Coping with the abstractions of music, when teaching, often relies on analogy to help pupils grasp otherwise elusive ideas. Consequently, you end up with a bank of ideas of all the things to which music seems comparable. However, this doesn’t often run the other way round – and, in my experience, people using music as an analogy for something else often don’t quite hit the spot.
Listening to Radio 4’s Open Book the other day, I caught an article about a new, unabridged audio book version of George Eliot‘s Middlemarch. At nearly 36 hours on 28 CDs, recording this 800-page novel is a gargantuan task. The reader, Juliet Stevenson, completed it in 12 days – a feat of which many musical recording artists would be extremely proud. She talks here about the many features involved – notably rhythm (of character and also of writer), inhabiting character, and coping with paragraph-long sentences – scroll forward to 19′ 20”
p.s. if this doesn’t seem like a big deal, why not try recording yourself reading a few paragraphs?
In 1977, while preparing for Higher Music, we used to practise rhythm dictation as a preparation for the more demanding melody dictation. It was a way of preparing a skeleton of the tune before worrying about the topography. Why not try it in this life-affirming syncopation-fest?
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I recently read something in Steven Mithen‘s excellently written and thought provoking book The Singing Neanderthals which stopped me in my tracks. The passage concerned the research, by Professor Willi Steinke of Queens University in Kingston, Canada, into the melodic recall of a subject with amusia, following a stroke at the age of 64. The subject was unable to identify many well-known instrumental themes. However, when themes with lyrics were played, recall was normal – even although the lyrics were not present! Steinke and his colleagues concluded that melody and lyrics were stored in different parts of the brain – the prosody of the lyrics helping to summon up the tune, and the rhythms of the tune aiding the reverse.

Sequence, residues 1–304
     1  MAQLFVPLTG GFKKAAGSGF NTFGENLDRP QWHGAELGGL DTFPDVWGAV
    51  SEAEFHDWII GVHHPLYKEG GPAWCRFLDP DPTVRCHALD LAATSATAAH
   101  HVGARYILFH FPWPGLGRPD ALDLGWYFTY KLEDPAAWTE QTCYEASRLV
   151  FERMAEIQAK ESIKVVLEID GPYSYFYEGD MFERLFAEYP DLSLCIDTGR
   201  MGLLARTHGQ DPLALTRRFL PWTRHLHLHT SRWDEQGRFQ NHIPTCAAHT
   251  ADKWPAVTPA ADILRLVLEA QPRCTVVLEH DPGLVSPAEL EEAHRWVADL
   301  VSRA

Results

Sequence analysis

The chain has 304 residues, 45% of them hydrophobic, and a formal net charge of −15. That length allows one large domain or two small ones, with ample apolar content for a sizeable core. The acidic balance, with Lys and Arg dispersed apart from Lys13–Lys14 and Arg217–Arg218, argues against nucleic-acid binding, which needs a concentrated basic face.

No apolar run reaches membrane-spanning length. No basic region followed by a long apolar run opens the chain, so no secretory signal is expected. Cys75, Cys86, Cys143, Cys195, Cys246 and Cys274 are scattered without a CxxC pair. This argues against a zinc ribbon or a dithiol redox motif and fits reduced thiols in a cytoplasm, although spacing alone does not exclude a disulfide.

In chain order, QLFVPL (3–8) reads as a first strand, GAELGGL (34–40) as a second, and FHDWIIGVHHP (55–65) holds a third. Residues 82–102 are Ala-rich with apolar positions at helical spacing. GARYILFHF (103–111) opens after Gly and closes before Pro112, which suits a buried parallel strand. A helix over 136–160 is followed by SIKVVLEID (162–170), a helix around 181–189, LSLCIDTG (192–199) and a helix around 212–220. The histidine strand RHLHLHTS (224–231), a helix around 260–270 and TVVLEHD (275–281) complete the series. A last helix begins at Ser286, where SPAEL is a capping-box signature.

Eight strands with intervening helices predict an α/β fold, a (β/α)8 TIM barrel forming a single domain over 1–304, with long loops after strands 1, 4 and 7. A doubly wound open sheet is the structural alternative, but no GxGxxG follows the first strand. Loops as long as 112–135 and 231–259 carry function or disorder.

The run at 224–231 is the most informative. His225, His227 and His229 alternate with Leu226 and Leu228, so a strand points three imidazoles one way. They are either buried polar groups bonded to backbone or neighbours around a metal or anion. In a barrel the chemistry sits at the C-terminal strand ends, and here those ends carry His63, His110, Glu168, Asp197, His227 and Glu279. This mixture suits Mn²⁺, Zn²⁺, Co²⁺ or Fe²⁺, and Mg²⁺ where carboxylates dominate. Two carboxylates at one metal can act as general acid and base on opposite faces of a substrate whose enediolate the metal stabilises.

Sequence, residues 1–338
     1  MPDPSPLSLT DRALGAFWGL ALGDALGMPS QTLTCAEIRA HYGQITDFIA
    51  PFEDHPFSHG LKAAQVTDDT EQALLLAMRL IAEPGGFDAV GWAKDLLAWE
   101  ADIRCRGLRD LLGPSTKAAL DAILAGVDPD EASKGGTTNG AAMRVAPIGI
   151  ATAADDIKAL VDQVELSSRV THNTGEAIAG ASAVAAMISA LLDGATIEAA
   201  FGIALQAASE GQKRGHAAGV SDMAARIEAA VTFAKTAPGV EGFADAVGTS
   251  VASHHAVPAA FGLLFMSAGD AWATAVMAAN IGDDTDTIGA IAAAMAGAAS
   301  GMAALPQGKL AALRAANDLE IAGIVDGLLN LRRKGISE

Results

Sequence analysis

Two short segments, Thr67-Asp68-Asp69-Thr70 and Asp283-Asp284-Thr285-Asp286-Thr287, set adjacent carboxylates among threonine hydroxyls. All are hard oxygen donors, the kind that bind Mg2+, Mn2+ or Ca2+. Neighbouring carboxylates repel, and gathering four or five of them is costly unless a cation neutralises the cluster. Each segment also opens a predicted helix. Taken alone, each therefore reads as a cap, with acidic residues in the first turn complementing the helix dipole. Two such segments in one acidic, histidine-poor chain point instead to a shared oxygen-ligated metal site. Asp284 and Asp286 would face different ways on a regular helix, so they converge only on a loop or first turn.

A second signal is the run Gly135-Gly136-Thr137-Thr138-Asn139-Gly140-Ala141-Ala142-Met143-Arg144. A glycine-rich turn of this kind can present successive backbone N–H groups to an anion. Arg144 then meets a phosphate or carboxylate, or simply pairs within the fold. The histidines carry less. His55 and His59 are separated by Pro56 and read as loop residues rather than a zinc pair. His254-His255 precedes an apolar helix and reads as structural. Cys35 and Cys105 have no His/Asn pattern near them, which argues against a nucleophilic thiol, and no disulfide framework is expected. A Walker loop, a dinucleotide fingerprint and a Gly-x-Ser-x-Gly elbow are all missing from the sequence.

Suddenly my mind jumped back 42 years to my first piano tutor book, in which every melody featured lyrics – added after the event by the author, John W. Schaum. At the time I regarded them as a slightly annoying irrelevance because I was six years old and knew everything. Now the aspiration behind them seems clear. I began to think that, although the beginners’ materials I use have no lyrics, there may be an argument for adding some – more particularly for asking the pupils to add their own.
By an amazing coincidence of timing, this topic was brought up at our in service on Thursday, by one of my colleagues who was keen to discover similarities and differences in our approaches to teaching rhythm. Recommendations and reservations were expressed – the latter concerning examples where words had been forced to fit rhythms in an unnatural way, and possible confusion arising from the differing prosody of varying accents and dialects.
Still – it’s something interesting to think about. Any experiences, views, recommendations to offer?